The Arthurian said...

Wow. My initial reaction was that you are harping on the obvious. But I read the SA comments. It isn't so obvious, I guess.

People seem to think that work creates money. It doesn't. Work creates output. The government creates money.

The private sector can create money only by creating debt, by borrowing. By this process, the individual can end up debt free and full of money, but the economy as a whole cannot. To think that it can is fallacy of composition.

Good post.

Rogue Economist said...

I know, Art. But then it's by these comments that we get a chance to refine and make clearer our points.

But the comments get even more bizarre here:
SA on this follow up post

Detroit Dan said...

Well said again, Rogue. And I also appreciate Art's comment.

Rogue, I read the Seeking Alpha comments (first batch only so far) and commend you for your patience there...

Rogue Economist said...

Thanks Dan.

Hans said...

The real question to be ax, is whether the government in general, produces anything of value?

Moreover, by the suggestion of the this title all that is needed is spending and debt from a waste producing entity and we have a growing and prosperous society...

Furthermore, this would mean the eradication of recessions, would it not?

How would the $6.6 billion dollars in cash that went missing in Iraq, be figured in the MMTers balance sheet?

I know that one of the holey tenets of MMT is its simplicity but with such a complex issue as the national economy, the burden of proof befalls theologians...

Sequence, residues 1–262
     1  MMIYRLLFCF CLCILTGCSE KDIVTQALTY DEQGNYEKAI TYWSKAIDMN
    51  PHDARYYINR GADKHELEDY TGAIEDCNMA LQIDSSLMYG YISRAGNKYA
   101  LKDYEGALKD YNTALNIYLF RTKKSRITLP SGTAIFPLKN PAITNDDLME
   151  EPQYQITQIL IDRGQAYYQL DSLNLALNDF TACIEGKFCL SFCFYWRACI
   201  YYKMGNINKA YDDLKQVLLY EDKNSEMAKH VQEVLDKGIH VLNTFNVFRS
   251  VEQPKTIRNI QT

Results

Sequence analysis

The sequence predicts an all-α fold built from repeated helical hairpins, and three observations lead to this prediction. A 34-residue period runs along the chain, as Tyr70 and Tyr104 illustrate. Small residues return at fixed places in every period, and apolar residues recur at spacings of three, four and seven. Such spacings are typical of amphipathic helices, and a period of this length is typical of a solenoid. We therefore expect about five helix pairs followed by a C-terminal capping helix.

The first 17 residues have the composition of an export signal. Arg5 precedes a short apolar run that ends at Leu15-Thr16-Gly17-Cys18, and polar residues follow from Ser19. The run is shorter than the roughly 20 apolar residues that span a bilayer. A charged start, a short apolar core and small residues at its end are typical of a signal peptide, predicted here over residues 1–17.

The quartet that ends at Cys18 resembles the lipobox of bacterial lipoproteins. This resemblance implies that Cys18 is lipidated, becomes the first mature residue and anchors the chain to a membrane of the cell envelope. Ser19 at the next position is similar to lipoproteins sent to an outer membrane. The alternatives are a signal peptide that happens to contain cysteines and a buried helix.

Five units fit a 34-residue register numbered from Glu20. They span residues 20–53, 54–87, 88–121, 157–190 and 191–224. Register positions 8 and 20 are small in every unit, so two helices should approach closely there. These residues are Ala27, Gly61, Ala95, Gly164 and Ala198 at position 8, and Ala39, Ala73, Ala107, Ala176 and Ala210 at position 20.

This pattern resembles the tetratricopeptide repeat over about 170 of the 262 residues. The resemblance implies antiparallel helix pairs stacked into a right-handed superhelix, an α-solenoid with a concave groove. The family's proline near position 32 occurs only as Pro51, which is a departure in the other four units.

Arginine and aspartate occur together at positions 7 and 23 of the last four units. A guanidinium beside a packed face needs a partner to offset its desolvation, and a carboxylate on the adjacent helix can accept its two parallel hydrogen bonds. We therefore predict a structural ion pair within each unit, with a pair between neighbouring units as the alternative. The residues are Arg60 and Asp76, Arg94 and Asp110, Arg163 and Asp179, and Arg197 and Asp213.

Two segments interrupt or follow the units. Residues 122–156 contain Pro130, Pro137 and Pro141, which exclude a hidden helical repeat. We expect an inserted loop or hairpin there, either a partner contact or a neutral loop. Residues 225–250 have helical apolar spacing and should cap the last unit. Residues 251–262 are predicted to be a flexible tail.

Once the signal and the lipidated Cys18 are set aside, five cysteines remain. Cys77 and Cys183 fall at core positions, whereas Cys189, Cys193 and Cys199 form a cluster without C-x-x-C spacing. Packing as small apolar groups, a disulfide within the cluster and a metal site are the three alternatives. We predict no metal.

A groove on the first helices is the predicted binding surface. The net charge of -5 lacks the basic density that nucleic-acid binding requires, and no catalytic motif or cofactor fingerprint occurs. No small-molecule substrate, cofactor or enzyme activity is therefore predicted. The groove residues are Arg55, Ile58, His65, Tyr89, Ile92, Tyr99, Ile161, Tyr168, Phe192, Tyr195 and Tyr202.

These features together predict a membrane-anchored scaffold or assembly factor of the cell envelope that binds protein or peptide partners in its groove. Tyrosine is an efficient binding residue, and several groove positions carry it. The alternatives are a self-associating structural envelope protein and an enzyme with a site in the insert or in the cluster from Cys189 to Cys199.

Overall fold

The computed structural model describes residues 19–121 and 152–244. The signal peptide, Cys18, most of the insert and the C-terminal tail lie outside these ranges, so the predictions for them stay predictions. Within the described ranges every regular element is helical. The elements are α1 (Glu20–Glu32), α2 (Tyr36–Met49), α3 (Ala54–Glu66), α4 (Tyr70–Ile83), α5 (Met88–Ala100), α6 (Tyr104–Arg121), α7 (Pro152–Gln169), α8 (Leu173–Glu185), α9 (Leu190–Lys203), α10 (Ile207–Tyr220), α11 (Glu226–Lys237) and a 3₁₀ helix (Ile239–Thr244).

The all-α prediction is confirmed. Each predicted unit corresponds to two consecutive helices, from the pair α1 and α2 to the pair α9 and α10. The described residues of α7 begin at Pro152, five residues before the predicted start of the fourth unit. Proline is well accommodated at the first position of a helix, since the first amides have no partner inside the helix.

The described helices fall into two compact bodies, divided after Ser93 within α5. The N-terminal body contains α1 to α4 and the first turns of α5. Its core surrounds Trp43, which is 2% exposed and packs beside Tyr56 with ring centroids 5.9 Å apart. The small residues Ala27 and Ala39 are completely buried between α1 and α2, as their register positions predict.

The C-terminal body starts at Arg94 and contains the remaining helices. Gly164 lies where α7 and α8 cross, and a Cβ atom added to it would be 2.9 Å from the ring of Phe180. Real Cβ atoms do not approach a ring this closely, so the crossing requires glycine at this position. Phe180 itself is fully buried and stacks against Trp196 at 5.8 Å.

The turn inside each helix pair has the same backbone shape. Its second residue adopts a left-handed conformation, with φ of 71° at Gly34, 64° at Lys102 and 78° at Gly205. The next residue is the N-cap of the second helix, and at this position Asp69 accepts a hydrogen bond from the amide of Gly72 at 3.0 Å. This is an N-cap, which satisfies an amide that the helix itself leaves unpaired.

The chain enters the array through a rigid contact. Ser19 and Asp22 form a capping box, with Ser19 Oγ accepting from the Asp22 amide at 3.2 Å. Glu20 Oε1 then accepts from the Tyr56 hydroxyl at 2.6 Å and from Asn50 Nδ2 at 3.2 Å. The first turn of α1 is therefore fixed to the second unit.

The Arthurian said...

Hans --
"the holey tenets of MMT"

"The real question ... is whether the government in general, produces anything of value?"

Sure: The government produces money.

Not sayin they're doing a good job of it...


Rogue Economist said...

Hans, I have 3 questions to ask to check whether something is worth government spending on:

1. Does this create productive jobs for those who would be otherwise unemployed?
2. Will the newly hired workers have meaningful income that they can spend back in the economy?
3. Is the output of the jobs adding to capacity of goods/services demanded?

If it generates income for the unemployed, aggregate demand will go up. If it adds to demanded capacity, there will be no inflation. If the output is demanded by people, there will be no wastage.

Iraq fails test 1 and 3. It doesn't add to productive capacity, and its output is not demand by the people.